Dozens of people who owned condominiums in the building that collapsed in Surfside, Florida, fear that if they cash early insurance checks, they might jeopardize future payments, a state senator told the judge overseeing lawsuits from the disaster.
It is the latest wrinkle in the long legal battle facing survivors of the June 24 collapse.
Florida state Sen. Jason Pizzo told 11th Circuit Court Judge Michael A. Hanzman on Wednesday that he is asking condo insurance companies to make a definitive statement to victims that they can cash their checks without compromising their future rights to collections claims, or their place in line to recover damages.
Pizzo told USA TODAY that at least 25 condo survivors have approached his office. The question is related to a legal a process called subrogation in which insurance companies can seize future payments to policyholders to reimburse themselves for having paid a claim. That means payments from court settlements, or any other party held responsible for the collapse, could be diverted from the condo owners to the insurance companies.
“They're afraid to deposit the check because they don't know if they are subrogating their rights to the insurance company to collect perhaps a much larger number,” Pizzo said.
Tasha Carter, a Florida insurance consumer advocate, told USA TODAY that the families and survivors want to be assured that their right to collect additional compensation in the future will not be compromised if they accept payments now.
For example, if a condo owner accepts $100,000 from his insurance company now and then defendants in lawsuits later pay out another $100,000 to each condo owner, it's possible under subrogation that the insurer could claim that additional money.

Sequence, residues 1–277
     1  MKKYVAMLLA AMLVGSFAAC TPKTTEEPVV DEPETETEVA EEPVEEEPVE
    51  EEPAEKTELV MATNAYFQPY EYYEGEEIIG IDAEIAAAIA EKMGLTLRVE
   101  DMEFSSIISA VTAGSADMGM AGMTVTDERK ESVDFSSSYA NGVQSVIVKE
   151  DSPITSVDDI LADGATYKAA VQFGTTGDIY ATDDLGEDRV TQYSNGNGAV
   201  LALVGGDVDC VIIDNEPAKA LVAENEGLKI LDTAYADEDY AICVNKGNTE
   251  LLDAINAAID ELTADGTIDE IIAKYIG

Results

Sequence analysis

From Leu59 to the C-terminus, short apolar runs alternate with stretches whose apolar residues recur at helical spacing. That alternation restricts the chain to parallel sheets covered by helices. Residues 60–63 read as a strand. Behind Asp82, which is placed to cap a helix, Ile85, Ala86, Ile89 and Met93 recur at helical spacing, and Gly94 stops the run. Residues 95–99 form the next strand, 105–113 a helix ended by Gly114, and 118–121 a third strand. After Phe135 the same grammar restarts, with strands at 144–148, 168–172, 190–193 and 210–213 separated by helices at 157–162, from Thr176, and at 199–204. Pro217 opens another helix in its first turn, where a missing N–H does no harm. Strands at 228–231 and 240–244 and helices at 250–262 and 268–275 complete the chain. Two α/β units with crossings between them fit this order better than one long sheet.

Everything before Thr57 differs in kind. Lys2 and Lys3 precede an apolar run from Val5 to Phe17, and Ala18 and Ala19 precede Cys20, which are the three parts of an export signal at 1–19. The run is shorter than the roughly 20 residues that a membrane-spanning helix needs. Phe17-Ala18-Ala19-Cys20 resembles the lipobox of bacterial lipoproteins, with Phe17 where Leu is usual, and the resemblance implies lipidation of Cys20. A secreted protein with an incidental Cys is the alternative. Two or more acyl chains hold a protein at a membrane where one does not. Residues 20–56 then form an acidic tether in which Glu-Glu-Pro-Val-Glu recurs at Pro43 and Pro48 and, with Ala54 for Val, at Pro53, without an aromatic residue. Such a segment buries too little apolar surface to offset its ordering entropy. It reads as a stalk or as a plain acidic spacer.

“These owners are concerned that if they accept the money, that means that they're turning in their rights to collect,” Pizzo said.
David Paige, an expert witness for the insurance industry, said insurers usually try to recover only the amount they paid out in the first place.
“Subrogation in the world of insurance, they basically go after whatever they paid,” Page said.
David L. Stegall, an insurance expert in Alabama, said that after the insurance company pays out claims, it will likely subrogate against anyone it can find to be liable, such as people who worked on the building, designed it or inspected it.
“The real lawsuits and stuff are going to come into: ‘Why did this happen? Who was negligent in this occurrence happening?’” Stegall said. “They’re going to try to find somebody who was negligent, and they’ll probably name every possible person you can think of.”
Thomas Graham of the Miami Dade Bar Association said he has been recruiting volunteer attorneys from across the state to give legal advice to Surfside families on questions related to property insurance and probate law.
Graham said some insurance companies have been sending out payments to show they are not acting in bad faith, and cashing the checks should be fine. But he cautioned that every policy is different and each situation should be reviewed thoroughly.
“We’re eager to help out as much as we can given the gravity of the situation,” Graham said.
Families also could face a problem with their mortgage holders, Carter said.
“In this particular case, when a mortgage does exist on one of the condo units, the insurance company would make that check payable to the mortgage company and to the condo unit owner,” Carter said.
“And what's happening is because the unit no longer exists and there is an outstanding balance on the mortgage loan, we've run into some instances where the mortgage company is wanting to use the bulk of the insurance proceeds to pay off the remaining mortgage, which can leave the homeowner without enough funds to be able to move forward, find new housing and rebuild their lives.”
She says survivors want mortgage companies to be flexible and work with them so they can use a portion of that money for a new residence.
Collapse survivor Steve Rosenthal had a policy for $92,000 to cover the cost of potential repairs inside his unit. When the insurer issued the check, it was made out to him and his mortgage company.
For weeks he went back and forth with the mortgage company's legal department. On July 28, the company said it would sign over the check for him to deposit.
"In my situation there's nothing to rehab; there's no kitchen to fix, there's no bathroom to fix," Rosenthal said. "The building was imploded."
This article originally appeared on USA TODAY: Surfside condo collapse victims fear cashing early insurance checks